Developing EPA carbon regulations could shutdown most U.S. Coal Power possibly within 25 years. A previous Part 2 Post describes how 80% of Coal Power could be feasibly replaced by expanding Wind+Solar Power up to a 30% penetration level by 2040. This would require installing 700% greater new Wind+Solar Power capacity than currently exists and almost a 50% increase in Nuclear Power capacity 2013-2040. Replacing most Coal Power with variable Wind+Solar will require maintaining adequate reserve or backup power capacity needed to reliably operate all Power Grids. Total new Power capacity capital costs are estimated at $2.9 Trillion, which could effectively double future Consumer power costs compared to EIA AEO 2013 projections.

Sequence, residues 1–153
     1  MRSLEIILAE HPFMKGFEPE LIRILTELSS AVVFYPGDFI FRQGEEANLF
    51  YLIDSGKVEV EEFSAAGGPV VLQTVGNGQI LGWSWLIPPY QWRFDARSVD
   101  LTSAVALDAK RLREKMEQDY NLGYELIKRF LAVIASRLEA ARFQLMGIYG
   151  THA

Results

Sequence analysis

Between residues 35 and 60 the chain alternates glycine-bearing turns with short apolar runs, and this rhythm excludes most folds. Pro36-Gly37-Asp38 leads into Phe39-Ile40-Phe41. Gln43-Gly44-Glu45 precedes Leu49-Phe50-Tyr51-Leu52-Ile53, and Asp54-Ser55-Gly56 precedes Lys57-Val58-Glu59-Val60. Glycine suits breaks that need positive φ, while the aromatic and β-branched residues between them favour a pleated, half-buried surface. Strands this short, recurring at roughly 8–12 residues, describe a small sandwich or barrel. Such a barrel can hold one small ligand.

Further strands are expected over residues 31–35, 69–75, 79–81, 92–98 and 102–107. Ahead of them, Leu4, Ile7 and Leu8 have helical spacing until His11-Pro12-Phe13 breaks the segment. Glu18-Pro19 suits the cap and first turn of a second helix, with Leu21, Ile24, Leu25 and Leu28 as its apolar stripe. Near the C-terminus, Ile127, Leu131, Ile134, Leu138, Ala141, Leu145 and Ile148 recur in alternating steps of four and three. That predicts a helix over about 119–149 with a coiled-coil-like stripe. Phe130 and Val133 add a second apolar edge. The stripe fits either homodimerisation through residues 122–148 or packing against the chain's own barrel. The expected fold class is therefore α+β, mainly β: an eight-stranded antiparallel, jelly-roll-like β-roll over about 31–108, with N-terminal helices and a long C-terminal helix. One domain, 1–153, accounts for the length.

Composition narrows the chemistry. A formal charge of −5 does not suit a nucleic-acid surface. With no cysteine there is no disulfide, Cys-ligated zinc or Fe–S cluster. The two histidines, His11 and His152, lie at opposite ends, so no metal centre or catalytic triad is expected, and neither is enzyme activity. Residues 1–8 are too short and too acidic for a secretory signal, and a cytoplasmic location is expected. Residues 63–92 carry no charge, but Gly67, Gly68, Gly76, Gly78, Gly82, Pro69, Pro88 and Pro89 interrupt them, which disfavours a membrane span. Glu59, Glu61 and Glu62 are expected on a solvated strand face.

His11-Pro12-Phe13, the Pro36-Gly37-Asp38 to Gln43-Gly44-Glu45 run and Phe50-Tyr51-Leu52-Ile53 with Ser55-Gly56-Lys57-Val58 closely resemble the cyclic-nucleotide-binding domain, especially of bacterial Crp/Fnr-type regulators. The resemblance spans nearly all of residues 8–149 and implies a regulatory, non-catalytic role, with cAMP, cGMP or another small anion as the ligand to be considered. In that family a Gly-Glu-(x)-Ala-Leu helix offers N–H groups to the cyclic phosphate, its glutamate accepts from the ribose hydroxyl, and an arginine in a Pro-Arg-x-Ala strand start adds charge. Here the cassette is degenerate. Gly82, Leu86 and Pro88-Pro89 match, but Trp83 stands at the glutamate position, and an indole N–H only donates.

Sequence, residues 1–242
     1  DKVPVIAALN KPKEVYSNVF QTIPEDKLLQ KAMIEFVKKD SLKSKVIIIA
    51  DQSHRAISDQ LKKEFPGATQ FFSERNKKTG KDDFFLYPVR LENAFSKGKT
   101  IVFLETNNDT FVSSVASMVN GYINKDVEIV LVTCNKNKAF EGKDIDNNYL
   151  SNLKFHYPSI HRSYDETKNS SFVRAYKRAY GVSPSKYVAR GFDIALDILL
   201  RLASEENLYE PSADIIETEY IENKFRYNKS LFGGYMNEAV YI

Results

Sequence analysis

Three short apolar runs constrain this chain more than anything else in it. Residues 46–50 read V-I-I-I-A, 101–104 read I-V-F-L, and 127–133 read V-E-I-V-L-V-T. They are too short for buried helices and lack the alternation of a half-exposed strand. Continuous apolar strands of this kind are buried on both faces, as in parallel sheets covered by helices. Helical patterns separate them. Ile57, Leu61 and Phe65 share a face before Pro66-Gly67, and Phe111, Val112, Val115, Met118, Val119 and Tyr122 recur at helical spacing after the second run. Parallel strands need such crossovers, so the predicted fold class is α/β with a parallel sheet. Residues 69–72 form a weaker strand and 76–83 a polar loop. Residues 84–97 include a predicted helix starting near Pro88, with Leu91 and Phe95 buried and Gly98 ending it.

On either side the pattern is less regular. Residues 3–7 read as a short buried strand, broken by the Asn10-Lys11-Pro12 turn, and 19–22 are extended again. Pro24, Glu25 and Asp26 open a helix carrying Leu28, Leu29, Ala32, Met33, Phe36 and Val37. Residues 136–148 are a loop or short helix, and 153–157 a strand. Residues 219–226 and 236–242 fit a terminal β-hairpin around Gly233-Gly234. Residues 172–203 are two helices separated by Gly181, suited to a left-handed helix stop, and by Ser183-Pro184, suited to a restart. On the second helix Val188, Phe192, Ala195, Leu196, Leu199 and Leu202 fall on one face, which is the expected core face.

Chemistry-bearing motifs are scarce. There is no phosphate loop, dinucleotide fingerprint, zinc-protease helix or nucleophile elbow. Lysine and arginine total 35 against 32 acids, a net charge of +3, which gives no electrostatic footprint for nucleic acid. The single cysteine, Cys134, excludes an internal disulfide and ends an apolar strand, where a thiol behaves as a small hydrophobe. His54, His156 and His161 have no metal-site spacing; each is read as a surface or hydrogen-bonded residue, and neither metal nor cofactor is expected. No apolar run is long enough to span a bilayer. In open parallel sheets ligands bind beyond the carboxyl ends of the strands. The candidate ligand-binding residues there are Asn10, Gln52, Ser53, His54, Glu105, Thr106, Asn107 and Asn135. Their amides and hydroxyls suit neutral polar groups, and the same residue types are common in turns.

Replacing 80% of Coal Power with Wind+Solar and Nuclear Power should reduce U.S. carbon emissions by 1.6 Billion metric tons per year or by 28% of total projected U.S. carbon emissions in 2040. Achieving this carbon reduction will not only require a huge expansion of zero carbon power generation technologies, but will also require significant trade-offs. Required trade-offs to facilitate rapidly shutting down most Coal Power will include significant impacts on many local and regional environments, and possibly major changes to current new facility permitting processes. This Part 3 Post will cover these more significant impacts of shutting down most U.S. Coal Power by 2040.